The Authority’s Privacy Principles are set out in Appendix 1 to the Code. Privacy principle 1 is the most widely applied in privacy cases, and protects against the public disclosure of private facts. Private facts are usually things which a person would reasonably expect to remain private, as opposed to information that is on public record or already in the public domain.2
 The broadcast revealed the following information:
- the complainant uses Tinder
- information contained in his Tinder profile, namely, that it includes a photograph of him with his mum, and he describes himself as someone who ‘loves cuddling’, ‘loves his mum’, and treats women well
- he lives in the Ponsonby, Auckland area
- he was blocked by two women on Tinder because he sent one to a non-existent restaurant and stood her up, and he asked another ‘inappropriate and creepy’ questions; and
- ‘a whole lot of girls have been texting through [to the radio station] saying that they have had similar experiences with the guy’.
 In our view, none of this information amounted to private facts, as envisaged by Standard 3. Tinder is a smartphone dating application which connects with users’ Facebook accounts, and uses their information including their profile pictures and interests, for other users to view. It employs location navigation services which enable users to swipe through the profiles of potential matches within their geographic area. As thousands of people use Tinder and anyone with a Facebook account can sign up, the contents of one’s profile are essentially public. In our view, where a person puts themselves out there by publishing private information in a public forum, it is no longer reasonable to assume that information is private. To find otherwise would be ignoring the reality that applications such as this are global information portals accessible to the public worldwide. Nor can users of such applications expect that their interaction with other users will remain private.
 The broadcast also revealed the contents of the complainant’s telephone conversation with the host. Again, the issue is whether Mr Durie had a reasonable expectation that this conversation would remain private. We do not think that he did. The complainant sent a text message to the radio station in response to the accusations made by the women, and it was for this reason the hosts called him on his cell phone number, to give him an opportunity to explain himself. It was clear from the beginning of the call that he was expecting it and knew who he was talking to. The hosts reasonably believed he would have known he was on air and wanted to defend himself publicly. As a regular listener of George FM, the complainant should have known that he was engaging in a public forum when he sent a text message to the station without a specific request for confidentiality, and that his conversation with the hosts was likely to be used or reported in some way, even if he did not know he was on air at that time. Further, the complainant came across well, so we do not think the disclosure would be considered highly offensive. Nevertheless, we note that in terms of fairness the complainant ought to have been advised he was on air, and the broadcaster upheld this aspect of his fairness complaint.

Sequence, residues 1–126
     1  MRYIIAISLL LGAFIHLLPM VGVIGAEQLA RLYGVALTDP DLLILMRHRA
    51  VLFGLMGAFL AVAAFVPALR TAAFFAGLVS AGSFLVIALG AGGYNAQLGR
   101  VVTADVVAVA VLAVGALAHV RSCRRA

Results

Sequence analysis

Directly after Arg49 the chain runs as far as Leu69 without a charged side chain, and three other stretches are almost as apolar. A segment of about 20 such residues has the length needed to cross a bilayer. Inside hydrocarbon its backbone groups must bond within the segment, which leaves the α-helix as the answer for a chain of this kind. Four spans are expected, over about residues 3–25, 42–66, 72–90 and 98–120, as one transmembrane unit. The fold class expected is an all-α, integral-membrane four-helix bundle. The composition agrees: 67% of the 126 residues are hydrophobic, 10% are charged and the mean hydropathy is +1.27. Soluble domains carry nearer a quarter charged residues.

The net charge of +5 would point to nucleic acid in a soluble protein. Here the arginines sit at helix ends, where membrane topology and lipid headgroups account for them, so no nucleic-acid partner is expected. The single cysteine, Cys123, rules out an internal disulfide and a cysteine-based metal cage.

As no private facts were disclosed in the broadcast, we decline to uphold the privacy complaint.
Did the broadcast breach the other standards raised in the complaint?
[26 As noted above, the complainant also referred his complaint under the accuracy, responsible programming, and discrimination and denigration standards. In summary, these are not applicable, or were not breached, because:
- George FM Breakfast is not a news, current affairs or factual programme to which the accuracy standard applies (Standard 5)
- the discrimination and denigration standard applies to sections of the community, not individuals (Standard 7)
- the complainant’s concern is harm to him personally, not harm to children or to the general audience, so the responsible programming standard is not relevant (Standard 8).
 Accordingly, we decline to uphold the complaint that these standards were breached.